695 F.3d 531 (6th Cir. 2012), 11-5518, Handy-Clay v. City of Memphis, Tennessee
|Citation:||695 F.3d 531|
|Opinion Judge:||MARTHA CRAIG DAUGHTREY, Circuit Judge.|
|Party Name:||Bridgett HANDY-CLAY, Plaintiff-Appellant, v. CITY OF MEMPHIS, TENNESSEE; Mayor A C Wharton, in his official capacity; Herman Morris, Jr., individually and in his official capacity as City Attorney; Cathy Porter, individually and in her official capacity as Senior Legal Administrator, Defendants-Appellees.|
|Attorney:||Carol J. Chumney, Carol Chumney Law PLLC, Memphis, Tennessee, for Appellant. Elijah Noel, Jr., Harris, Shelton, Hanover Walsh, PLLC, Memphis, Tennessee, for Appellees. Carol J. Chumney, Carol Chumney Law PLLC, Memphis, Tennessee, for Appellant. Elijah Noel, Jr., Laura Martin, Harris, Shelton, Han...|
|Judge Panel:||Before: DAUGHTREY and CLAY, Circuit Judges; CLELAND, District Judge.[*]|
|Case Date:||September 25, 2012|
|Court:||United States Courts of Appeals, Court of Appeals for the Sixth Circuit|
Argued: May 29, 2012.
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Plaintiff Bridgett Handy-Clay filed this civil rights action under 42 U.S.C. § 1983, charging that the defendants unlawfully terminated her from her position in the Memphis City Attorney's Office in retaliation for her allegations about corruption and mismanagement of public funds in that office. The district court dismissed Handy-Clay's complaint under Federal Rule of Civil Procedure 12(b)(6) for failure to state a claim upon which relief could be granted. She now appeals, contending that in dismissing her claims the district court failed to construe the allegations in the complaint in the light most favorable to her. We conclude that the district court erred in dismissing Handy-Clay's First Amendment retaliation claim. However, we agree that Handy-Clay did not allege sufficient facts to support her other § 1983 claim, alleging a denial of due process. As a result, we affirm the district court's judgment in part, reverse in part, and remand the case for further proceedings.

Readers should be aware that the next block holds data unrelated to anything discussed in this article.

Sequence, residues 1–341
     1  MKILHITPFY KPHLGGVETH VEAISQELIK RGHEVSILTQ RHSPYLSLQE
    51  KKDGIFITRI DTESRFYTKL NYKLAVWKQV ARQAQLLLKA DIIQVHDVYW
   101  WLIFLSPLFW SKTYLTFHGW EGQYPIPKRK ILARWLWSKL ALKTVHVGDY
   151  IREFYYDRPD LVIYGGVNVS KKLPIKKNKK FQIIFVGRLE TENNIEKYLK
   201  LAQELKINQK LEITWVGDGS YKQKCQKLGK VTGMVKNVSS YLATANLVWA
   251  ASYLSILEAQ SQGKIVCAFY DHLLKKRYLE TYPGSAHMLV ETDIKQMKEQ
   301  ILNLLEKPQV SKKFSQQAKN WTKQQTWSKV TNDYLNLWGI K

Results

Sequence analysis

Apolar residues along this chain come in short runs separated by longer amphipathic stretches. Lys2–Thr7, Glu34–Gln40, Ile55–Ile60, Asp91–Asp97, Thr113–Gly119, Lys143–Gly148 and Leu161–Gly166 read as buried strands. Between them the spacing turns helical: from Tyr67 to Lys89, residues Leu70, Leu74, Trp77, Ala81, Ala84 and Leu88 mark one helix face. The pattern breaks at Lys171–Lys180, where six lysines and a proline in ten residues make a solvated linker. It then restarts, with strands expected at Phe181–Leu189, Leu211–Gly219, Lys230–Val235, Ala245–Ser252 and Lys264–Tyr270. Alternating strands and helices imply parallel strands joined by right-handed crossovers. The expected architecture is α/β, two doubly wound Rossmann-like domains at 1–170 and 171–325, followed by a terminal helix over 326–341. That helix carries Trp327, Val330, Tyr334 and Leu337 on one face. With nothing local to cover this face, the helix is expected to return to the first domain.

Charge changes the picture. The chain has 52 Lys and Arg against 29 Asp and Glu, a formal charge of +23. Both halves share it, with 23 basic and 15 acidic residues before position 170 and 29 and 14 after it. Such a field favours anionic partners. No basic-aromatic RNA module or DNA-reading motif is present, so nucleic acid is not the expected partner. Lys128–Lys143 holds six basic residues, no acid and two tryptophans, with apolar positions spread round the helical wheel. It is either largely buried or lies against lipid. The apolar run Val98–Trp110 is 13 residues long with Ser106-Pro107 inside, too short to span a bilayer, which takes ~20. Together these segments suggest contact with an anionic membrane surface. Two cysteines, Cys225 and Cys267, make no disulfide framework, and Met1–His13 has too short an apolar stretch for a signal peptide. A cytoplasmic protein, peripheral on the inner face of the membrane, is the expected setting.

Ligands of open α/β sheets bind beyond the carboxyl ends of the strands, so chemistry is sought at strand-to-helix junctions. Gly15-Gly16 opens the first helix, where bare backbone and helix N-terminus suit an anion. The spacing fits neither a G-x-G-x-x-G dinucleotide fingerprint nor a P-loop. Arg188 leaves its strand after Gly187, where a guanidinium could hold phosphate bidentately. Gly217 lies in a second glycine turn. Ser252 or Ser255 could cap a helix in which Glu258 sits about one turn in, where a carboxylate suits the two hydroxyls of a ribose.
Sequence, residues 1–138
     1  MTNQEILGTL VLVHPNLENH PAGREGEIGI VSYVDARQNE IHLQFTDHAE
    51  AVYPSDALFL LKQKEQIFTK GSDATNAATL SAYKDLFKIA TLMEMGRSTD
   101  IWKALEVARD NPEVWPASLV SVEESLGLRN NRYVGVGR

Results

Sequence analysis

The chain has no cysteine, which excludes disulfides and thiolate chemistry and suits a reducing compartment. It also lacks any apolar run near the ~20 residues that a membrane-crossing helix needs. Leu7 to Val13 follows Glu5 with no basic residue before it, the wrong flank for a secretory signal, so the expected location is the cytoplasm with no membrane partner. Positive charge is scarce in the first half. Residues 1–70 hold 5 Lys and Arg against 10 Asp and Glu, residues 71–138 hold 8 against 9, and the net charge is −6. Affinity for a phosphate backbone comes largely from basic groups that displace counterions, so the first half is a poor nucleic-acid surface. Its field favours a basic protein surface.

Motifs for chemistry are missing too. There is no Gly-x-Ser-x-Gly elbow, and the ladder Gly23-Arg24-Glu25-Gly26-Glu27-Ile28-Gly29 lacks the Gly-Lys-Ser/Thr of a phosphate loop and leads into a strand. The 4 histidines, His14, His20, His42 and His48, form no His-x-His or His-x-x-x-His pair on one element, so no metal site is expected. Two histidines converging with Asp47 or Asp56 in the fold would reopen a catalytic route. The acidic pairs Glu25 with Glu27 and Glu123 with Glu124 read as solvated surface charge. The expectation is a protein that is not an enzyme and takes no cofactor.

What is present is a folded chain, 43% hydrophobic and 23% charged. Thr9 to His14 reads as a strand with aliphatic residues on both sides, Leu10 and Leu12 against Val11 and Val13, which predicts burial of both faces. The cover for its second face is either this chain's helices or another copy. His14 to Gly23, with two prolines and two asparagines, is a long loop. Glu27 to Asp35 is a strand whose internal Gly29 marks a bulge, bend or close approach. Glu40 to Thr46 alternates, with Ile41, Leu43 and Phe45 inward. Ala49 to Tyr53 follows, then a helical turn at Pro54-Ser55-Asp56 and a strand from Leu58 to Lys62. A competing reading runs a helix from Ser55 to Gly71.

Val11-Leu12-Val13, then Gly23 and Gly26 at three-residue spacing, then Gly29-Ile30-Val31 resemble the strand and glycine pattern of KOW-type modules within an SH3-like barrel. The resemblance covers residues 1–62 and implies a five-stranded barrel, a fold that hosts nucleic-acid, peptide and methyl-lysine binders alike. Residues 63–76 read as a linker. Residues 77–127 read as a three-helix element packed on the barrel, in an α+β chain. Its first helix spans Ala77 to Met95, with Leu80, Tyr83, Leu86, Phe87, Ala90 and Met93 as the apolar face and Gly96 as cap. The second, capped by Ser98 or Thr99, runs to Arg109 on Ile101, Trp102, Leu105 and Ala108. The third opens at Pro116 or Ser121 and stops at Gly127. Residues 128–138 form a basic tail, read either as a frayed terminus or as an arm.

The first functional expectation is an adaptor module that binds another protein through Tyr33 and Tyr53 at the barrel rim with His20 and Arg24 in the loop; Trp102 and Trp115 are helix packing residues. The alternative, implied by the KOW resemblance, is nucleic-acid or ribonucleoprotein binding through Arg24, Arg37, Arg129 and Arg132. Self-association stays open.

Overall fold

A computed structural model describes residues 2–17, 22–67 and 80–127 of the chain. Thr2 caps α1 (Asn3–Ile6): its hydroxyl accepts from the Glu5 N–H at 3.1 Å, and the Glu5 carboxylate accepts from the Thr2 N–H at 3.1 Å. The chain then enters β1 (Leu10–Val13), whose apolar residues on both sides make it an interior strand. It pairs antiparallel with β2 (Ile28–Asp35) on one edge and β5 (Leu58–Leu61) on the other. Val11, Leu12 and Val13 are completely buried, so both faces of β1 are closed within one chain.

I. FACTUAL AND PROCEDURAL BACKGROUND
Because we are reviewing the district court's order of dismissal under Rule 12(b)(6), we accept as true the facts set out in the complaint. Those facts allege that in July 2007, Bridgett Handy-Clay was appointed by Mayor W.W. Herenton as the public records coordinator for the City of Memphis. Pursuant to the City's Charter and the Code of Ordinances, the public records coordinator was classified as an exempt employee, working out of the City Attorney's Office. Handy-Clay's duties included, among others, ensuring that record requests from the public were " routed to the appropriate records custodian and responded to in a timely manner," reviewing the documents released to " prevent[ ]
the disclosure of confidential information," and supporting the recording and transcription of the minutes of the Memphis Charter Commission.